#7 posted 08-13-2019 07:42 PM

I had a project building benches for my husbands microbrewery and ran into terrible dust problems, if you eliminate the track and get something like pipe stock from Home Depot here, it cuts the cost way down. We got our Garage Curtains from Steel Guard Safety but I know there are several manufactures that sell them. The Curtains we have had about 6 months do a pretty good job of keeping the dust out of our cars that are garaged. Cost only came to about $17-18 a foot.

View HokieKen's profile (online now)

HokieKen

11562 posts in 1701 days


#8 posted 08-13-2019 07:47 PM

Sawdust is very lightweight and non-adhesive. Any that lands on her car be blown off before she even makes it to the street. Otherwise, I’d go with the leaf-blower. If you need to keep other things contained, a divider may be necessary but, IMO it’s easier to get sawdust off a vehicle than it is to keep it off.

-- Kenny, SW VA, Go Hokies!!!

View pottz's profile

pottz

7043 posts in 1546 days


#9 posted 08-13-2019 10:06 PM

i just let her complain then i build her what she wants,she still complains but accepts the fact that’s life in a woodshop.good luck.

-- sawdust the bigger the pile the bigger my smile-larry,so cal.

View ibewjon's profile

ibewjon

1069 posts in 3355 days


#10 posted 08-13-2019 10:07 PM

There is a steel channel for electrical work that can screw to the ceiling. They make wheeled dollies that fit inside the track and roll nicely. I have a drop cord and air hose attached to the track in my garage. The channel is made by Unistrut, also by B Line and others. Comes in 10’ and 20 ’ lengths with the holes pre punched in it. Easy. Better than pipe and fittings because it mounts tight to the ceiling.

View John_'s profile

John_

220 posts in 2268 days


#11 posted 08-14-2019 12:02 AM


Hello,

I am trying to set up a shop. I have a standard two car garage (one garage door) I have seen many options for dividers for a two car garage with two doors but no so much for one door. My wife will be parking her car on the other side and doesn t want sawdust all over on her side. Anybody have any ideas??

Thank you

- EBreindel

I ve actually been thinking about a solution for this myself – haven t done it yet, but i was thinking about using some 3/4” black pipe (only reason for that specifically is that it s the only one I could seem to find the right fittings), a combination of tees and flanges, and screwing it into the rafters of the garage to make a “curtain rod”. I was thinking that some tarp that hangs down to the floor, with probably some sort of weight at the bottom, would hold it in place while working -when I m done, it would be easy enough to slide/unhook until the next time.

kind of like this – (looks like they used cable on this one instead of pipe)

- jerkylips

I used to make a ‘paint booth’ in the corner of my garage that looked similar.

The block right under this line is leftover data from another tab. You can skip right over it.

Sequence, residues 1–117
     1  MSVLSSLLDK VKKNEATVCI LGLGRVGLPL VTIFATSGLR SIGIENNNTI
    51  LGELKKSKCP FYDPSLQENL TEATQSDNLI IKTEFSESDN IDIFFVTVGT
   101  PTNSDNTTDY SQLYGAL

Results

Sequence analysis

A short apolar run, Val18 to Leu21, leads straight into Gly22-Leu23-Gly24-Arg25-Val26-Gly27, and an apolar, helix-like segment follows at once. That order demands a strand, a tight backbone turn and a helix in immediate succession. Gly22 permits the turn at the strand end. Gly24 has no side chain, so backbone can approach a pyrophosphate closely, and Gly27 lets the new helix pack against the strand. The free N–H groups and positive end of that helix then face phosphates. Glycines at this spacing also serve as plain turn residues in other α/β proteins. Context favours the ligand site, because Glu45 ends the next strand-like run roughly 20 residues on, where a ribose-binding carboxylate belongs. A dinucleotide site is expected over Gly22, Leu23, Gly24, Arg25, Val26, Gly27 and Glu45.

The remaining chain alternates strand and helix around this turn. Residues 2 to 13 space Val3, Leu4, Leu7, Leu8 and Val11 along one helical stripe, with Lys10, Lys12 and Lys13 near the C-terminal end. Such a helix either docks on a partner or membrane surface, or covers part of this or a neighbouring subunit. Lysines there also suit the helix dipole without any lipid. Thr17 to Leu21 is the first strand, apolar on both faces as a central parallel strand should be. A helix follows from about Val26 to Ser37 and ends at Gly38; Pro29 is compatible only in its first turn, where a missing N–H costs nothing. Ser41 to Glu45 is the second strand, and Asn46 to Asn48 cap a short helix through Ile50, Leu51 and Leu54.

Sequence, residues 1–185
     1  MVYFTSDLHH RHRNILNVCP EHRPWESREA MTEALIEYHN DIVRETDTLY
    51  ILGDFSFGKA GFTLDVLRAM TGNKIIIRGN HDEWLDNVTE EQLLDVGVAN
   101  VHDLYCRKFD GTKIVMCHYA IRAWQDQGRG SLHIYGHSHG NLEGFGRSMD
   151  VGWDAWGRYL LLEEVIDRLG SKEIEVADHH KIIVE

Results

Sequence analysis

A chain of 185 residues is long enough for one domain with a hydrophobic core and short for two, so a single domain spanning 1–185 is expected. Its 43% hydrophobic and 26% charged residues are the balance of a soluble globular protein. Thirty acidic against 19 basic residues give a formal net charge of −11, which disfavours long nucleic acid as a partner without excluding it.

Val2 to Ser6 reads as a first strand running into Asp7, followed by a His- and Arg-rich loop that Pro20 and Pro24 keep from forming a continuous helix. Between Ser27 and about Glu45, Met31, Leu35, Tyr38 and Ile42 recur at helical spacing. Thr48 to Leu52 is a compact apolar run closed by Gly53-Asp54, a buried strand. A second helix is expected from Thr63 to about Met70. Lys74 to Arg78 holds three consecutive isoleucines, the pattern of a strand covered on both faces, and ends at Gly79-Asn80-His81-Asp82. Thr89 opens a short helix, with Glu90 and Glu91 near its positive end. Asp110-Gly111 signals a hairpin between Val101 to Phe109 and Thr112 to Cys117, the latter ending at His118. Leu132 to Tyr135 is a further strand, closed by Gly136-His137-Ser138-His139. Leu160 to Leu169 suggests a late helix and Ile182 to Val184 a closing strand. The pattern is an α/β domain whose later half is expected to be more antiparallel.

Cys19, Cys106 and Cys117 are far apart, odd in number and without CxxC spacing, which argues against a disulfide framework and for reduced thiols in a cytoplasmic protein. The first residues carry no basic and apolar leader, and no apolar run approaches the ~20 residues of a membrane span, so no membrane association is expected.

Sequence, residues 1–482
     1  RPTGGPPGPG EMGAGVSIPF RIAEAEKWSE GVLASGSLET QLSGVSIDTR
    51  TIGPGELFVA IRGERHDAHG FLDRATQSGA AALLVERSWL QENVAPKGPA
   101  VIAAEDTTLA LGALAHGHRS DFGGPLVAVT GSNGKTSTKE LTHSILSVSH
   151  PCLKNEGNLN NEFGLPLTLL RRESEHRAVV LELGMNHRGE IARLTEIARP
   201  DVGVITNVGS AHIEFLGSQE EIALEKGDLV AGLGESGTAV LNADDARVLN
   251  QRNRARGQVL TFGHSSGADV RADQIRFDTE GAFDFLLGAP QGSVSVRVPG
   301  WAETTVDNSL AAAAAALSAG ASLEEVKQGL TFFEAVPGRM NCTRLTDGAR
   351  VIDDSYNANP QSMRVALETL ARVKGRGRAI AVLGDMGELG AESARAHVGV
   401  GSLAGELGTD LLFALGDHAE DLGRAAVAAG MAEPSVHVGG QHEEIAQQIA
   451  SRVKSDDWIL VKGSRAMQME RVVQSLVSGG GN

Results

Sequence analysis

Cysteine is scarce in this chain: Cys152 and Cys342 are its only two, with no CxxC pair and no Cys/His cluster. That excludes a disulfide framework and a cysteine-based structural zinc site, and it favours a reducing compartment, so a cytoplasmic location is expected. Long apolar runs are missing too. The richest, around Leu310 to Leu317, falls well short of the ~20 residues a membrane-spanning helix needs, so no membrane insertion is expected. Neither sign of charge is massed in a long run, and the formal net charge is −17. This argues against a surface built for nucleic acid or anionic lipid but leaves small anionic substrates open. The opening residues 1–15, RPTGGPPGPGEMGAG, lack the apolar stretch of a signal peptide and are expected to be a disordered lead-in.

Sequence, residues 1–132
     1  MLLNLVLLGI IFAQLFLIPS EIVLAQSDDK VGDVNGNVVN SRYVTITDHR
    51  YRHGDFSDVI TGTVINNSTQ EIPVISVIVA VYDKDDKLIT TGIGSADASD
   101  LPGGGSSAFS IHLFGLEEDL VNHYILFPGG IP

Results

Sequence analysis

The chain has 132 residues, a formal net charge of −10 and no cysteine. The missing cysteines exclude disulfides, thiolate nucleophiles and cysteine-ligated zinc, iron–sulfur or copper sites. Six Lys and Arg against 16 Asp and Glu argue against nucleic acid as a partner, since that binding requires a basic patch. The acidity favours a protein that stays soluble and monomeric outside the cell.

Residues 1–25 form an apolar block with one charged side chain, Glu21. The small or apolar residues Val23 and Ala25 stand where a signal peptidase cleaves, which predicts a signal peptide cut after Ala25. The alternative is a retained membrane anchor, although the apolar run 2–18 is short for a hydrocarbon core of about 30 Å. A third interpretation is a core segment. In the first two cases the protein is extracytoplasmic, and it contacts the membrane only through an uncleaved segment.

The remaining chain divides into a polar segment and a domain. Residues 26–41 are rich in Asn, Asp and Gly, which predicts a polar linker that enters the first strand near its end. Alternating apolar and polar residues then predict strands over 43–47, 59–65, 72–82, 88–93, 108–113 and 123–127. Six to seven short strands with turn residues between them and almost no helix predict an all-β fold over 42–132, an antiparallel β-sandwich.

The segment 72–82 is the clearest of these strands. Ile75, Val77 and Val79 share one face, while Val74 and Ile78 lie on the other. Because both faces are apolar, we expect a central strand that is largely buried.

I used 10’ long sections of 3/4” metal electrical conduit and an eye bolt big enough that the conduit could slide through. The conduit only needed to be supported at both ends, and I would image to split a garage like that you could do it with two pieces, a connector and 3 eye bolts. I then bough some extra long, clear shower curtains from Amazon, and it actually worked out pretty well

These are 6’ x 8’
https://smile.amazon.com/gp/product/B0007N2OWM/ref=ppx_yo_dt_b_search_asin_title?ie=UTF8&psc=1

View Woodmaster1's profile

Woodmaster1

1287 posts in 3149 days


#12 posted 08-14-2019 12:20 AM

Good luck on your dilemma. I just sanded a farmhouse table today with a belt sander and got dust all over my wife’s car. I bet she will say something to me about it.

View Runner's profile

Runner

84 posts in 1335 days


#13 posted 08-14-2019 12:31 AM

My wife parks in my shop, and the dust hasn’t been an issue. My tools are always hooked up to either a dust collector or a shop vac. Circular sawing and free hand routing I’ll do outside. At the end of the day I do a quick vacuum of the floor. No complaints from my wife.

Just take you wife’s car through the car-wash once in a while and make sure her tank is full.

-- Kjell - Eau Claire WI

View Carpentress78's profile

Carpentress78

2 posts in 119 days


#14 posted 12-04-2019 08:07 PM

I think you are going a bit too light with that track. We went to McMaster to seal up the gap between the track and top of the garage with some material and velcro swatches cut up.

When looking around I saw a similar curtain hooks much cheaper here at McMaster Curtain Hooks only $5 for 10. You could buy the Material and make your own, but I know when I called back Steel Guard they said they have B Stock Body Shop Curtains for sale a lot. Didn’t need any just got a few yards of material to stop the saw dust from leaking out plus velcro.

View tomsteve's profile

tomsteve

983 posts in 1781 days


#15 posted 12-04-2019 08:17 PM

if the garage is finished, frame a wall to divide the 2 areas and drywall it.
if it isnt finished, frame a wall to divide the 2 areas,insulate, and drywall the shop area.